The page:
Stephen Conroy’s Department of Communications, Broadband and the Digital Economy is about to lose another one of its most senior staffers, with its long-serving deputy secretary Colin Lyons set to retire from the public sector at the end of the month.
Lyons has been with the department since 1981 and currently has responsibility for implementation of the Government’s National broadband Network project. He picked up a Public Service Medal in 2004 for his work in the fields of telecommunications competition and regulatory issues.
In a statement, Communications Minister Conroy thanked Lyons for his work and revealed his replacement would be Daryl Quinlivan, currently a deputy secretary at the Department of Agriculture, Fisheries and Forestry (DAFF).
According to a brief biography of Quinlivan in DAFF’s annual report, the public servant has a background in competition policy, but not specifically in telecommunications.
He was an advisor to the Hilmer Committee, which prepared a report for governments on the National Competition Policy, the biography states, as well as acting as secretary to the Council of Australian Governments working group on micro-economic reform.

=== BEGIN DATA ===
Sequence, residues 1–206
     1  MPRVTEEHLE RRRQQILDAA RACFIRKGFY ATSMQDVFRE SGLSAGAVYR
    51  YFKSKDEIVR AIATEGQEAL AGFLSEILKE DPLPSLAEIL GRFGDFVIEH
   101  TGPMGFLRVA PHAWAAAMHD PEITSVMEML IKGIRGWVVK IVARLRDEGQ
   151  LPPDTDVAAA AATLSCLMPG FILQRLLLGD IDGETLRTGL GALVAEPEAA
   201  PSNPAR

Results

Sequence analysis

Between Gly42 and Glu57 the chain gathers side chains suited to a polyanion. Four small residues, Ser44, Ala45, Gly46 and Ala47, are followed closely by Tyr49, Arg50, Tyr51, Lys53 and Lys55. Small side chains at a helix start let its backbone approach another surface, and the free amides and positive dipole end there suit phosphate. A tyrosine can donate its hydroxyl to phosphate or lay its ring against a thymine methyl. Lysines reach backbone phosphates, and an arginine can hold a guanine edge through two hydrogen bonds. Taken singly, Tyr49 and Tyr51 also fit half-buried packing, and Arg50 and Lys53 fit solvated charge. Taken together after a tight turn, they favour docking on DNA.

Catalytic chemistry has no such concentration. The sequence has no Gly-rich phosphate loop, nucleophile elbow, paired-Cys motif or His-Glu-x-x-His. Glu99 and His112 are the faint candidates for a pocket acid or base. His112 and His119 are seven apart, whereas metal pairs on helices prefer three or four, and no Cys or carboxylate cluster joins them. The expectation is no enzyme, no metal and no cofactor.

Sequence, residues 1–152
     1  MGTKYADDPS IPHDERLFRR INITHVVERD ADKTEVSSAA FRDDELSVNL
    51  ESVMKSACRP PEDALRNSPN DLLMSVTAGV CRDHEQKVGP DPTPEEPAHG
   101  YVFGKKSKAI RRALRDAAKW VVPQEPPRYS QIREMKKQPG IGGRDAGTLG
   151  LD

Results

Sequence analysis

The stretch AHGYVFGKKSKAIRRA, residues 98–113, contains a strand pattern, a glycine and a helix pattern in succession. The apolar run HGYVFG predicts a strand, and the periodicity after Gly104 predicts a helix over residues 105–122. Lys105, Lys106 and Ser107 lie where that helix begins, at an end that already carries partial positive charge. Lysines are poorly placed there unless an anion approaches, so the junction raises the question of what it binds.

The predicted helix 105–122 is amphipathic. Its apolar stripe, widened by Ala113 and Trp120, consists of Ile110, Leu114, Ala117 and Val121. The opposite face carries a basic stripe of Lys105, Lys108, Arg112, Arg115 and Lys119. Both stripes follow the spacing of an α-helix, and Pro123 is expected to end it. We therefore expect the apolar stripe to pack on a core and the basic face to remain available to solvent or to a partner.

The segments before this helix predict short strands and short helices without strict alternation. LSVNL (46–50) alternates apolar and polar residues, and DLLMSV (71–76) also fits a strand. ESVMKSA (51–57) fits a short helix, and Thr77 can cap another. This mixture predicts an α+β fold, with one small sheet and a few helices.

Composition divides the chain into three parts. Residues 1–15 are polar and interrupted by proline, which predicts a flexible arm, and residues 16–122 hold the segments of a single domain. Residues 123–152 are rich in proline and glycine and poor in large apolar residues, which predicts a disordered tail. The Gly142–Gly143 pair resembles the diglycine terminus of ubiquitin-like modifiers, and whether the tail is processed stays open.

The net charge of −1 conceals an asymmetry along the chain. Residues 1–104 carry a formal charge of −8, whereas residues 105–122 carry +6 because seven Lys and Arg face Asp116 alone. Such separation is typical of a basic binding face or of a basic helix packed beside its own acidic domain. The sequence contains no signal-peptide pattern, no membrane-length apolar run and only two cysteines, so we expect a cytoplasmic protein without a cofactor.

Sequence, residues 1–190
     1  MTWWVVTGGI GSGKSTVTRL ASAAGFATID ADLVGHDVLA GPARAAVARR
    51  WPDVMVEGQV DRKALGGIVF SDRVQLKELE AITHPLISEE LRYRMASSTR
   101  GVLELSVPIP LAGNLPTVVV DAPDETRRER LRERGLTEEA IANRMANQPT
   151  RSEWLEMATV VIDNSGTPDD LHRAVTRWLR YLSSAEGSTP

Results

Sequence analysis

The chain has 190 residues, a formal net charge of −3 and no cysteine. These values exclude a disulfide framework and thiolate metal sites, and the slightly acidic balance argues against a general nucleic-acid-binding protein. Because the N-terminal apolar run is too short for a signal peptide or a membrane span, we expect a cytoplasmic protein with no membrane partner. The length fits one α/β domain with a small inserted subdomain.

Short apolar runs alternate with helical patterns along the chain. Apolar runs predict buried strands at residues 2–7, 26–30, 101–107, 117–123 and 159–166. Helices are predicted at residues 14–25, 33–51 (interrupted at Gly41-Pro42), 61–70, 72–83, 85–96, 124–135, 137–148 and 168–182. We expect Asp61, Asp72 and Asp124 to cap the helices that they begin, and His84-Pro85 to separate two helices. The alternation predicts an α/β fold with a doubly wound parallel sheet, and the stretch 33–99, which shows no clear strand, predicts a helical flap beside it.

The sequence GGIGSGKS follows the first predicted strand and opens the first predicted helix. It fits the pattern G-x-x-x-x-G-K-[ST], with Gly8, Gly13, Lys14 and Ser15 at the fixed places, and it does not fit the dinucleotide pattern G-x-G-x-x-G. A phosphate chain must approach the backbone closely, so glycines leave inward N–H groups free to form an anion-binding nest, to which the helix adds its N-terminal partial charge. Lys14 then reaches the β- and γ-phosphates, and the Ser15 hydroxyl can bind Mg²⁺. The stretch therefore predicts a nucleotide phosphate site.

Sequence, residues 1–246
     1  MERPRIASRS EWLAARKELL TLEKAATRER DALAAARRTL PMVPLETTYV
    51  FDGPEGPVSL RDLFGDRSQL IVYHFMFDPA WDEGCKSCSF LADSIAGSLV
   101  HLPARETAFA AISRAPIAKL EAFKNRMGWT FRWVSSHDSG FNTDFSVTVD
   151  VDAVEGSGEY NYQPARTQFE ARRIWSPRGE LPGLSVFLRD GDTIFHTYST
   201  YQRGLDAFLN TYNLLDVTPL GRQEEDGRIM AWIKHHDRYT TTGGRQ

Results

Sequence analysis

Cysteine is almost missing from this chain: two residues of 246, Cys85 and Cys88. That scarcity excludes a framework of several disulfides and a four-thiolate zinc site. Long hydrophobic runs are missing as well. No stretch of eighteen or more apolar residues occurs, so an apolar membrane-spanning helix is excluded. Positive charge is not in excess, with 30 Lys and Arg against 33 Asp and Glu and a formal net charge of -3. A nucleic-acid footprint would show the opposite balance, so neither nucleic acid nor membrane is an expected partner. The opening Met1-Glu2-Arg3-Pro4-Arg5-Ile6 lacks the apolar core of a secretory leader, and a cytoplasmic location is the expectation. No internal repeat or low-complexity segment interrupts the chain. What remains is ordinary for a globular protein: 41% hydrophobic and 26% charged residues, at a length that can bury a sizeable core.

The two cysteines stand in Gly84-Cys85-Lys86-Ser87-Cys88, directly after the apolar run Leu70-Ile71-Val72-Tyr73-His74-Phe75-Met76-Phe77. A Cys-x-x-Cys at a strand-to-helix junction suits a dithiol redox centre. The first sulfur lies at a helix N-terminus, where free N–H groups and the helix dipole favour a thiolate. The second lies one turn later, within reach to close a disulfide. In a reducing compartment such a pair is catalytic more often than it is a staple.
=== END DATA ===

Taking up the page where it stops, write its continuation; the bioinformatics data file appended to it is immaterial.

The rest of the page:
Currently, Quinlivan represents DAFF on the Natural Resource Management Standing Committee, the Primary Industries Standing Committee and the Murray-Darling Basin Commission, all inter-governmental organisations. Before his current role, Quinlivan was the executive manager of DAFF’s Fisheries and Forestry division.
It’s the second deputy secretary DBCDE has lost in as many years. In January 2008, the department lost its then-deputy secretary of Communciations Fay Holthuyzen. Lyons had reported directly to Holthuyzen before her departure, in his then-role as chief general manager, telecommunications. He was promoted upwards shortly after that point.
Holthuyzen had held the deputy secretary position since 2000.
DBCDE also has a new secretary. In August 2009, as part of a wide-ranging public service re-shuffle, the department’s secretary Patricia Scott — appointed to the role during the tenure of Conroy’s predecessor Helen Coonan — was ousted to make way for former Bob Hawke staffer and Victorian public servant Peter Harris.
Harris had previously been secretary of Victoria’s Department of Sustainability and Environment.
Image credit: Office of Stephen Conroy